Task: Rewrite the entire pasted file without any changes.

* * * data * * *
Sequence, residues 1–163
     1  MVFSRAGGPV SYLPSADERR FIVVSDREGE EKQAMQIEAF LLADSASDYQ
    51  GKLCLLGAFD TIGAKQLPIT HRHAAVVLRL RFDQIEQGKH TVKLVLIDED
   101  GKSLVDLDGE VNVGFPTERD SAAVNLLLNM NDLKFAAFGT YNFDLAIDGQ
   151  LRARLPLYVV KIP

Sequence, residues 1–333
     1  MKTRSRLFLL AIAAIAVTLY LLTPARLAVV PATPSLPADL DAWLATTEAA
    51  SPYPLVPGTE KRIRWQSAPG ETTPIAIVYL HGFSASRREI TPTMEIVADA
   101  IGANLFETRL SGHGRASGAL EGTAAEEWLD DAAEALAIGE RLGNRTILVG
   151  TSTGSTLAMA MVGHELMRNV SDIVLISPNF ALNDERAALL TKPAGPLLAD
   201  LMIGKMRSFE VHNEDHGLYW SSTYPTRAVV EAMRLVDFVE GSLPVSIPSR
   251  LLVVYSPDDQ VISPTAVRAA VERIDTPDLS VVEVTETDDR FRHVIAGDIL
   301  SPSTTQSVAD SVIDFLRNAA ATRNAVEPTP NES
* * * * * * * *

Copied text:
Sequence, residues 1–163
     1  MVFSRAGGPV SYLPSADERR FIVVSDREGE EKQAMQIEAF LLADSASDYQ
    51  GKLCLLGAFD TIGAKQLPIT HRHAAVVLRL RFDQIEQGKH TVKLVLIDED
   101  GKSLVDLDGE VNVGFPTERD SAAVNLLLNM NDLKFAAFGT YNFDLAIDGQ
   151  LRARLPLYVV KIP

Sequence, residues 1–333
     1  MKTRSRLFLL AIAAIAVTLY LLTPARLAVV PATPSLPADL DAWLATTEAA
    51  SPYPLVPGTE KRIRWQSAPG ETTPIAIVYL HGFSASRREI TPTMEIVADA
   101  IGANLFETRL SGHGRASGAL EGTAAEEWLD DAAEALAIGE RLGNRTILVG
   151  TSTGSTLAMA MVGHELMRNV SDIVLISPNF ALNDERAALL TKPAGPLLAD
   201  LMIGKMRSFE VHNEDHGLYW SSTYPTRAVV EAMRLVDFVE GSLPVSIPSR
   251  LLVVYSPDDQ VISPTAVRAA VERIDTPDLS VVEVTETDDR FRHVIAGDIL
   301  SPSTTQSVAD SVIDFLRNAA ATRNAVEPTP NES